29 May 2023

The debt ceiling deal

Well, that wasn't as bad as it could have been.

From what I've seen in the reporting so far, the deal does not raise the debt ceiling by a dollar amount, but suspends it until the beginning of 2025.  This is a positive since it means that if a recession occurs, the government will be able to borrow as much as it needs to in order to re-stimulate the economy.  Spending levels are fixed for 2024 and 2025, which de-fangs the House Republicans' ability to cause further trouble via the normal appropriations process.  The new IRS funding to audit taxpayers with incomes over $400,000 was cut, but only by a little.

Republicans got two substantive wins, neither of them unqualified.  First, the age limit for SNAP work requirements was raised from 49 to 54 and new TANF work requirements were imposed, a rather modest increase in pointless cruelty compared with what they had hoped for, and even that was offset by removal of work requirements for homeless people and veterans.  Second, approval of the Mountain Valley Pipeline for natural gas was fast-tracked, the chief result of which will be a slight acceleration of global warming.  The way Fox News is crowing about this shows that it's the biggest win they can point to -- but even there, that project was on track to be approved anyway.  As the approval of the Willow project in Alaska and of expanded drilling in the Gulf of Mexico have already shown, on the climate fight this administration is almost as AWOL as the Trump administration was.  The US has pretty much decided to leave that particular problem to the rest of the world to solve without our help.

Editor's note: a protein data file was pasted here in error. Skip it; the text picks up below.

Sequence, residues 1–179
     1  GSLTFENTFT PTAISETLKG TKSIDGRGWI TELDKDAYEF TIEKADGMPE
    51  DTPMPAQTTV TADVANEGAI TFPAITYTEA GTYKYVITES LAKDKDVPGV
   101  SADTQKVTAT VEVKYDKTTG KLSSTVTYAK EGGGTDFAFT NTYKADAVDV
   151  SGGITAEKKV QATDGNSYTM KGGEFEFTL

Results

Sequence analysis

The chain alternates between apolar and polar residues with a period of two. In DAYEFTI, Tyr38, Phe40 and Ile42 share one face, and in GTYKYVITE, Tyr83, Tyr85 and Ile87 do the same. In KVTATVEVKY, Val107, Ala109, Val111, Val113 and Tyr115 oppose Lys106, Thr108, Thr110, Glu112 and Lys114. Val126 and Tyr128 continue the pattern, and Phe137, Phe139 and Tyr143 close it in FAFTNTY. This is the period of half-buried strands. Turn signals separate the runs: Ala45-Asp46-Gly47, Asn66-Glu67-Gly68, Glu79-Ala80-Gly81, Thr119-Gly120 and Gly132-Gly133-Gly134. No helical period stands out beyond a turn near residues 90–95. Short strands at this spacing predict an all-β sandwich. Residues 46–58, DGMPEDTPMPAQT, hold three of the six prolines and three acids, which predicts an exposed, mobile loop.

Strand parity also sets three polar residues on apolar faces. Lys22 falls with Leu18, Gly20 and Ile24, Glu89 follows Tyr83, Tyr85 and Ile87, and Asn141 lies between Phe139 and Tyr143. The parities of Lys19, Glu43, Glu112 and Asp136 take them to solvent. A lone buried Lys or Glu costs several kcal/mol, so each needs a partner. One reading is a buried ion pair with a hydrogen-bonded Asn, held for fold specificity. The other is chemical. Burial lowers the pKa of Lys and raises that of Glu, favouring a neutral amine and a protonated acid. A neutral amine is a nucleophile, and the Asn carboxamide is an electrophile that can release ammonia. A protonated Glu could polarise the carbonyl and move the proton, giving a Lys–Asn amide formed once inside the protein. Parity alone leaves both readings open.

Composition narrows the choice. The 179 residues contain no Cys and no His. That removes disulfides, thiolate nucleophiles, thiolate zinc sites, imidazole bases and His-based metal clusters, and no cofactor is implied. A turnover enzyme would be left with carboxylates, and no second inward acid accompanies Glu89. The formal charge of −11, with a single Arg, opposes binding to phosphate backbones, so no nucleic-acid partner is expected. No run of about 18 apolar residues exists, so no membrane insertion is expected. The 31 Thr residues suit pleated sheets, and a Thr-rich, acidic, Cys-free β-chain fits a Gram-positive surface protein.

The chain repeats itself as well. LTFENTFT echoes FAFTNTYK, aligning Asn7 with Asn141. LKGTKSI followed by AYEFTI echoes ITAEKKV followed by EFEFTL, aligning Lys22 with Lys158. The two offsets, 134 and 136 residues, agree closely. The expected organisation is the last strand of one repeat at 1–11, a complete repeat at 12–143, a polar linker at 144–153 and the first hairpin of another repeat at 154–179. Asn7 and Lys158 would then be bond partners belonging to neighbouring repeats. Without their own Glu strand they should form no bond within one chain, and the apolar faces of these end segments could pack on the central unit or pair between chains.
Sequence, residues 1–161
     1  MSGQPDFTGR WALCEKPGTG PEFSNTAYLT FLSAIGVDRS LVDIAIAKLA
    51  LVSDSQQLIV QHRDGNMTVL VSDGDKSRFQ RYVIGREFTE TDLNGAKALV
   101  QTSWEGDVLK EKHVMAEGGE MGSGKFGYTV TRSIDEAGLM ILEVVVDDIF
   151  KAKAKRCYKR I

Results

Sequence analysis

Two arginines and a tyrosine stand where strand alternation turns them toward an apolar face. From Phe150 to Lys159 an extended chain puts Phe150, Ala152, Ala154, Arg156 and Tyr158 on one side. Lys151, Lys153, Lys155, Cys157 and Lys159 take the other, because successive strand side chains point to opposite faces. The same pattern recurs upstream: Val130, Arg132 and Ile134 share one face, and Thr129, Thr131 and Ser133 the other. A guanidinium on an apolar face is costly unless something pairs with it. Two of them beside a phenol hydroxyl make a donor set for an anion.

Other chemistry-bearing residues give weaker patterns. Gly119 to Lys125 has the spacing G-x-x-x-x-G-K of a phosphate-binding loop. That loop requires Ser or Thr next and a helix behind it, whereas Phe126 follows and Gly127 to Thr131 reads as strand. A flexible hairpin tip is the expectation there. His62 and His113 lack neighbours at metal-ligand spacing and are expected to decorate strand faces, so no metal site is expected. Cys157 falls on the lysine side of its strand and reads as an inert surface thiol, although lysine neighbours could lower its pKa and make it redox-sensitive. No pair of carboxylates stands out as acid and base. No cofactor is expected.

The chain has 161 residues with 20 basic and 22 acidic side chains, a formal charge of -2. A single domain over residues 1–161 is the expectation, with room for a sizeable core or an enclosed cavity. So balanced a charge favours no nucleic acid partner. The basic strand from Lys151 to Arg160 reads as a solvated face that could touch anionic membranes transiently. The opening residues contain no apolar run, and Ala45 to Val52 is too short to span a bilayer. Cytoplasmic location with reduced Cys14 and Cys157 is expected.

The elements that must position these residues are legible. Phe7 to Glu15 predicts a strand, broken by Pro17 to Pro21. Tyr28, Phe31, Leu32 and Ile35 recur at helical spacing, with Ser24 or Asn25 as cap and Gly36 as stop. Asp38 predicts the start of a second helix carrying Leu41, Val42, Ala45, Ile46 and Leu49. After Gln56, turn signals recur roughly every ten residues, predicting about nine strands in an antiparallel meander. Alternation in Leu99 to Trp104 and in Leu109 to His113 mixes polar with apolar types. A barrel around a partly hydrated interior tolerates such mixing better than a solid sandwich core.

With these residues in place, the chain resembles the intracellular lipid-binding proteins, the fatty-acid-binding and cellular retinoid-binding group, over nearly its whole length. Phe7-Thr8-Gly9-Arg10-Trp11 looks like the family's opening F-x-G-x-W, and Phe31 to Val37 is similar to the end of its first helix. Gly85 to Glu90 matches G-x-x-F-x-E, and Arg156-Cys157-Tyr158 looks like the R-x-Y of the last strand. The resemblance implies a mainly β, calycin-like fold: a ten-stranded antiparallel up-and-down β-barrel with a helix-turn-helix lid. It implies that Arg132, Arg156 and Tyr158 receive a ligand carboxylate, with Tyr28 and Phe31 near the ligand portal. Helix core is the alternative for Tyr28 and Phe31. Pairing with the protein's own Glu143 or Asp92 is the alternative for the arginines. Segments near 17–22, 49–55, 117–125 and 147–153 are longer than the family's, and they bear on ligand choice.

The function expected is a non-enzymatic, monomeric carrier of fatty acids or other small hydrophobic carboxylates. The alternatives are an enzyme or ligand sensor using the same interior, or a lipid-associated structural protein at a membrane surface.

Will it pass Congress?  Probably.  In the House, the progs and the trogs are both very unhappy with it and likely to vote against it, but that was expected.  There are almost certainly enough moderates in both parties to pass it without them.  Getting to sixty votes in the Senate shouldn't be a problem, assuming McConnell supports the deal.

McCarthy no doubt relishes the rare opportunity to look statesmanlike by reaching a deal with the president on such an important matter, but I doubt it will last.  Assuming the deal passes the House despite the far-right wingnuts' opposition, they may well vent their rage by challenging his speakership, which would likely lead to another series of desultory rounds of voting for a new speaker like we saw at the beginning of this year, putting the image of House Republicans as a whole firmly back in clown-show territory.

The real negatives are in the medium-term future.  Biden negotiated over raising the debt ceiling after first insisting he would not, which shows weakness and legitimizes Republican hostage tactics.  If the Republicans hold the House majority next year (unlikely) or capture the Senate majority (quite likely), we'll end up dealing with the same mess again in 2025.  So I won't be too unhappy if Congress fails to pass the thing after all, forcing Biden to invoke the Fourteenth Amendment and eliminate this problem once and for all, as he damn well should have done in the first place.

The full text of the deal is here; a summary of the main points is here.


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